Karavansara

East of Constantinople, West of Shanghai


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The lady writes the pulps: Nora de Siebert

This is a sort of rabbit hole in which I am about to dive. And why not carry you along?

Science fiction was always considered cheap drivel in Italy – commercial fiction fit to entertain the “technical classes” (that is, mechanics, factory workers and engineers) while “proper intellectuals” (whatever that means) got into the classics. But despite the stigma (that SF shared with fantasy, romance, mystery and any other “popular” literature), for a brief season, between the 1950s and the 1980s, SF was really big in Italy.

In the mid-50s the genre appeared on the Italian news-stands, in the form of “magazines” that were in fact cheap pulp paperbacks. And if Urania was the spearhead of this new invasion, a lot of other magazines popped in and out of existence, lasting for a few months, or a few years.

One of these was Cronache del Futuro (Chronicles of the Future), published by KAPPA Edizioni, that ran for 24 numbers, between August 1957 and August 1958. It was sold for 150 lire a copy. Cover art was mostly provided by Curt Caesar – an Italian comic artist and illustrator of German origins, that had served in the Afrika Korps under Rommel, and who also did cover art for Urania and other magazines. The magazine featured short novels from Italian writers hiding behind an Anglophone alias.
The only writer to appear in Cronache del Futuro with her real name was Nora de Siebert, probably because she “sounded foreign”.

Born on the 22nd of March 1917, De Siebert apparently started writing when she was still in her teens, and by the ’40s had established herself as a very prolific full-time writer, doing romance, science fiction, comic books and photoplays, and scripting a movie (a lowbrow comedy, in 1961). She was a pulp writer, in other words, and a good one – to the point that one of her stories, “Un Sogno Smarrito” (A Misplaced Dream) was the first romance novel published in 1958 in the new “Collana Rosa” from KAPPA Edizioni.

Before that, KAPPA published a number of her SF novels

  • Ora Zero, la Terra non Risponde (Zero Hour, Earth doesn’t copy) – 1957 and serialized as Fuga nella Galassia (Escape in the Galaxy) between 1957 and 1958
  • Umanità immortale (Immortal Humanity) – 1957
  • Il silos di cristallo (The cristal silos) – 1958
  • Trasfusione atomica (Atomic transfusion) – 1958
  • Il Totem dello spazio (Space totem) – 1958
  • Ricerca dell’inverosimile (Search for the Unlikely) – 1958

For some reason, Ricerca dell’Inverosimile was published under a male alias, Norman MC Kennedy – and it was even given an “original title” (Search for the Unknown) and a “translator”, in order to reinforce the illusion this was “proper SF” written by an American man, not by an Italian woman. I was unable to track down any further outing of Mr Mc Kennedy.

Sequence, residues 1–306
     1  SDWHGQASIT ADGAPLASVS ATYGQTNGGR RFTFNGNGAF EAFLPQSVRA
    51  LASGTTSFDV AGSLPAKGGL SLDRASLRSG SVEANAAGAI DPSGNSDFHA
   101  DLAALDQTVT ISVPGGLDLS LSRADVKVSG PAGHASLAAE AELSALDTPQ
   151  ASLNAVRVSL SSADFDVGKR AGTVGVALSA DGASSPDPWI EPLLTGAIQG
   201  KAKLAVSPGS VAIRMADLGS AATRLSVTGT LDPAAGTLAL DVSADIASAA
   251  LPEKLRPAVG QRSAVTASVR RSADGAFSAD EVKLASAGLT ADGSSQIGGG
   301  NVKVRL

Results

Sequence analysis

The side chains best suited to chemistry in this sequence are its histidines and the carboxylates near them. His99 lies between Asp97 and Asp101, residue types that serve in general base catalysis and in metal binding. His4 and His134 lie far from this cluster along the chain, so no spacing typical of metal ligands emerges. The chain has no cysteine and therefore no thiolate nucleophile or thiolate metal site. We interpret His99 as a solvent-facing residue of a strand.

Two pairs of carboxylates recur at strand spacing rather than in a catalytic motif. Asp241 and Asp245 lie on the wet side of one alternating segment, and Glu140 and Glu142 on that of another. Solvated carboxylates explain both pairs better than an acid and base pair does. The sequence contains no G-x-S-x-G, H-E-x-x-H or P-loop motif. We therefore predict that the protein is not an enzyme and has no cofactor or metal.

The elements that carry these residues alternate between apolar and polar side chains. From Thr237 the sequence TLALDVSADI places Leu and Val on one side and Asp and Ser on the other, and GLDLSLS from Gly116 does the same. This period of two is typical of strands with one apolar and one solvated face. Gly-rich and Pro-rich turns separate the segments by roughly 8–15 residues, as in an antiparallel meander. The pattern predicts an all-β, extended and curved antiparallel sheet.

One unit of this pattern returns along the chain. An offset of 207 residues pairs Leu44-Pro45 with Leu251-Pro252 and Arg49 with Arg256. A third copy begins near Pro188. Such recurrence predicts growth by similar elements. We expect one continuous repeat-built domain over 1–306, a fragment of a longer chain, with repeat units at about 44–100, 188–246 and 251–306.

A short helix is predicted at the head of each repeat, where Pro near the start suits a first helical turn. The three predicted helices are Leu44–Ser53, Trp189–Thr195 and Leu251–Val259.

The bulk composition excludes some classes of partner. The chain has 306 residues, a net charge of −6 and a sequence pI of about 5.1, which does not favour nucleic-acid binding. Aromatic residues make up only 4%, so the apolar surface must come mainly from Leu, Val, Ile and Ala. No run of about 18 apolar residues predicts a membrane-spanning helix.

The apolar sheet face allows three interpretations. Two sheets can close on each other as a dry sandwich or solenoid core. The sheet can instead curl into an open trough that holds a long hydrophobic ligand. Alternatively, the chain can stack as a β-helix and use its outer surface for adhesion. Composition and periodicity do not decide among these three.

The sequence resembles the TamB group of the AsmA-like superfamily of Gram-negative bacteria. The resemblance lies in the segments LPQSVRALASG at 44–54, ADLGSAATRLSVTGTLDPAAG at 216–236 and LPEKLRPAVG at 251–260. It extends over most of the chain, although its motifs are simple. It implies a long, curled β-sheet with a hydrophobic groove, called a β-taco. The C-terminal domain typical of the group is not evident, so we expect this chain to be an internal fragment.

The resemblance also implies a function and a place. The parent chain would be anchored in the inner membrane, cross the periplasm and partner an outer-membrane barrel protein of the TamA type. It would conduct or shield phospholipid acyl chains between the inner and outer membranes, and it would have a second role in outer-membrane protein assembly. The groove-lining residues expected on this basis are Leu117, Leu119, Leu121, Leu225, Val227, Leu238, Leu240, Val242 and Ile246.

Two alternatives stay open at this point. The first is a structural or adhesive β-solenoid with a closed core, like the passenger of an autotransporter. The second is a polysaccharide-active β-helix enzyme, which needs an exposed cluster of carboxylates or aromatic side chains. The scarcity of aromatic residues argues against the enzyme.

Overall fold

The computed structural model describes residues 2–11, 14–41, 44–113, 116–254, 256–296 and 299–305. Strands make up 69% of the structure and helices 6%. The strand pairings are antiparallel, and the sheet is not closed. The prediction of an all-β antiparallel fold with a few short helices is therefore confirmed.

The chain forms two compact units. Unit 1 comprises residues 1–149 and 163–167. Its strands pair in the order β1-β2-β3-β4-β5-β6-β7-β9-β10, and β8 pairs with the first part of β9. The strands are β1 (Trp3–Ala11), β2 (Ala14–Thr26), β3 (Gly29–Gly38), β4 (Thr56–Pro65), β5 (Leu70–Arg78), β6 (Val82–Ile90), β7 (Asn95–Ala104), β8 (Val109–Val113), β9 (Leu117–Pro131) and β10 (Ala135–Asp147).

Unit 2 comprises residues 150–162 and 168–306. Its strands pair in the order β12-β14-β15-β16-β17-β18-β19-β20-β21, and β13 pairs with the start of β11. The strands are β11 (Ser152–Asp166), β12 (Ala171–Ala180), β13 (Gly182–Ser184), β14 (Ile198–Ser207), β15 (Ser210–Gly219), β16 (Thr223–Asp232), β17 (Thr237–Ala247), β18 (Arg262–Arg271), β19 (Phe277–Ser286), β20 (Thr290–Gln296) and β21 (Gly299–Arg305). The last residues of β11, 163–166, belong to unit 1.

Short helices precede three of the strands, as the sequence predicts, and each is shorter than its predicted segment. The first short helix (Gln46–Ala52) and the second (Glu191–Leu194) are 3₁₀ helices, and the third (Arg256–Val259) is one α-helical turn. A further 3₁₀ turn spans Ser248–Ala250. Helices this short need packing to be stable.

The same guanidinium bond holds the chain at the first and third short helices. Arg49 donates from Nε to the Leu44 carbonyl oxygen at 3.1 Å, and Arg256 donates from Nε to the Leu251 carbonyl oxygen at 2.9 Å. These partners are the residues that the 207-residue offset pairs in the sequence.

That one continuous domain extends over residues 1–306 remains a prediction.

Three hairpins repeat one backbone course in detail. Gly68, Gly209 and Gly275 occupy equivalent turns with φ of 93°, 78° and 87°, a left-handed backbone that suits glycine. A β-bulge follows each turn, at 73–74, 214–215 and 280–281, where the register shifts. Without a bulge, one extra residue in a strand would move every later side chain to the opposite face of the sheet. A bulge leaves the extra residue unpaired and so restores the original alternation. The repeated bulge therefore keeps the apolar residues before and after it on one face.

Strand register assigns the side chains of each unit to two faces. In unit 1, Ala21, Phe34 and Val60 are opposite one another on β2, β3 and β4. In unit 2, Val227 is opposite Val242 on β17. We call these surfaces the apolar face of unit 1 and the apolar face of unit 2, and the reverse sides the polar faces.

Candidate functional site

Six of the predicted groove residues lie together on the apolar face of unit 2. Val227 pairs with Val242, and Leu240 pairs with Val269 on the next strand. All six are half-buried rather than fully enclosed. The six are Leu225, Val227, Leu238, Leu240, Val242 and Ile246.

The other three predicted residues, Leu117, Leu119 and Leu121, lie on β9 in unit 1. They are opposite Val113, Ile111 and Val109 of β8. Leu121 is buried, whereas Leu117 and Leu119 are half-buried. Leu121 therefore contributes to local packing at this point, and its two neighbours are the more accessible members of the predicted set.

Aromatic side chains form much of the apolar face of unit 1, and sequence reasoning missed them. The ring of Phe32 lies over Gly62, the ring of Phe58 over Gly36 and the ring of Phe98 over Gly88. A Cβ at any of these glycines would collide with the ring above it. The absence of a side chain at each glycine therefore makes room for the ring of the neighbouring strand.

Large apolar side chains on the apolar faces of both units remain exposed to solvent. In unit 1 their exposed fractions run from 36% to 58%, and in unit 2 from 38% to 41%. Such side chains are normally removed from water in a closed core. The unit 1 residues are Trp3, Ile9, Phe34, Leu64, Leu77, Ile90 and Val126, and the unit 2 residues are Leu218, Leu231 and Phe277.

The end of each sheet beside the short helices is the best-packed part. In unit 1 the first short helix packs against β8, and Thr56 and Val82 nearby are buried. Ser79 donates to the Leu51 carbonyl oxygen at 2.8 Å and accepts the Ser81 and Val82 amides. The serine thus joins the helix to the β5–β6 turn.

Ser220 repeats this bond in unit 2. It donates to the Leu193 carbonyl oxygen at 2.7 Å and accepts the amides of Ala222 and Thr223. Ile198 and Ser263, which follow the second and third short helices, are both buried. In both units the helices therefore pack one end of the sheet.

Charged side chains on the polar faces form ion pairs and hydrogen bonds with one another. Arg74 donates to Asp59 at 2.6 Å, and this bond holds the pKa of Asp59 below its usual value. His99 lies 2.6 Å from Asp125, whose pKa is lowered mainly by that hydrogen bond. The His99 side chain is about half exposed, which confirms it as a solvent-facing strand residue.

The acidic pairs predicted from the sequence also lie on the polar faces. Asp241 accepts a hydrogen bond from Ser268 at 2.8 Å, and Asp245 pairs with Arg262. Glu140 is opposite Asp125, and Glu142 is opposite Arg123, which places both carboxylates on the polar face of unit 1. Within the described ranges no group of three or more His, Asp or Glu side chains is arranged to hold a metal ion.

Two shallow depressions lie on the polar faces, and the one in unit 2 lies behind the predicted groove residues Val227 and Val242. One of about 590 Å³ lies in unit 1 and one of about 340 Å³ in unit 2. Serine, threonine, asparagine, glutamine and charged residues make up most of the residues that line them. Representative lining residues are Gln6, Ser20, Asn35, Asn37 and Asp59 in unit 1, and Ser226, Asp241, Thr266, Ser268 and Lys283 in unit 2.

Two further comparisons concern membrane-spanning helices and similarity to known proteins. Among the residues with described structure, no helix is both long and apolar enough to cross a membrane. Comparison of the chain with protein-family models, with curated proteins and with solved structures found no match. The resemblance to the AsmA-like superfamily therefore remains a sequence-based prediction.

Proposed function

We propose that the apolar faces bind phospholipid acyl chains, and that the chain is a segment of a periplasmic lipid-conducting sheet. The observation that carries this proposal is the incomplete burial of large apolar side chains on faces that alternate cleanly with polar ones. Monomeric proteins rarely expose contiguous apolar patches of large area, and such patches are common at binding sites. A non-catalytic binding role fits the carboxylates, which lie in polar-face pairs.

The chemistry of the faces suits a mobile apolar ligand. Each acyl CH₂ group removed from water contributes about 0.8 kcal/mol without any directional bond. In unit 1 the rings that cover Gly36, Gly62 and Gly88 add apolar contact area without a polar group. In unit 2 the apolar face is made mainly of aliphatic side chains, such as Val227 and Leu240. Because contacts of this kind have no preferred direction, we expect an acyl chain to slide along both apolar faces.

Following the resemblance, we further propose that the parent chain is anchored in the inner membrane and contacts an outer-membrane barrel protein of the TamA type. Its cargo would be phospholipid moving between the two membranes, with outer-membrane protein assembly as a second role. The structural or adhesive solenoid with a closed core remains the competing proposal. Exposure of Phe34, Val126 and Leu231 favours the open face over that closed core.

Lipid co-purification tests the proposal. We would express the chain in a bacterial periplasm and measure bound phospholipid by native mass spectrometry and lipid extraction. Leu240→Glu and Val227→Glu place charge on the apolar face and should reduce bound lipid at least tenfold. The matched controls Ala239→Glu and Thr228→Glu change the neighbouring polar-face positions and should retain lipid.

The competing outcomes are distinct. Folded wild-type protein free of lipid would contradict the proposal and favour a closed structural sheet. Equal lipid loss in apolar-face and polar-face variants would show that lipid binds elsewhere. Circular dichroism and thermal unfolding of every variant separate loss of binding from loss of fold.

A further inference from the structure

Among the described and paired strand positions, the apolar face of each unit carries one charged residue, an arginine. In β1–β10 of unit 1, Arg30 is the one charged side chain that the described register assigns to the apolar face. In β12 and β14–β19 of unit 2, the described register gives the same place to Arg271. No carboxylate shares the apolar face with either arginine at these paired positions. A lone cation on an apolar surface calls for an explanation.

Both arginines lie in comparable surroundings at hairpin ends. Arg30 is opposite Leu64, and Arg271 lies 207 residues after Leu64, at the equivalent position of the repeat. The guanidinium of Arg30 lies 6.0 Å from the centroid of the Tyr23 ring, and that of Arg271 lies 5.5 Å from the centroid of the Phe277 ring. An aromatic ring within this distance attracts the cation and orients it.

Cronache del Futuro also ran a few short stories from De Siebert, as an appendix to other people’s novels.

Many of De Siebert’s SF stories were often set against the background of future societies in which women were relegated to a subordinate, “ornamental” roles – usually by design and with the help of mind controlling techniques, as men had found out that women could beat them at their own game if allowed; the main protagonists in these stories usually rebelled against the status quo. Not bad, for stories written in a backwater like Italy, in the 1950s.

With the end of Cronache del Futuro, De Siebert’s science-fictional output dried up.
In 1962 her novel La porta sull’aldilà (The door to the beyond) was the first – and only – title in a new series of news-stand paperback magazines called I Racconti di Nharadham. The magazine died after the first issue, probably because nobody knew how to pronounce its name.
In 1967, De Siebert also had a story in an anthology called Fantasesso (yes, Fantasex) – an old short known as The female from Antares, and originally published in Cronache dal Futuro, but now reprinted as La femmina inappagata (the unfulfilled female). Because so it was in ancient times.

Nora De Siebert died in Rome on the 23rd of November 1989.

Today, Nora De Siebert is almost completely forgotten, and her SF novels are hard to find collector’s items. They sometimes appear on eBay, and I have half a mind of keeping an eye out and maybe get a couple. They’d make for a fun translation project.
For certain I will continue to search for further information of De Siebert, because she seems to be a woman after my own heart.


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Kaiju and race cars

Sometimes we chance on a book we wish we had been smart enough to write ourselves. It’s the case of this weekend’s fun read, Gary Gibson’s Devil’s Road, a fast and entertaining science fiction novella that’s well worth the 3 bucks price tag. A class act from the cover on, Gibson’s story was just what I needed to take my brain off the recent worries.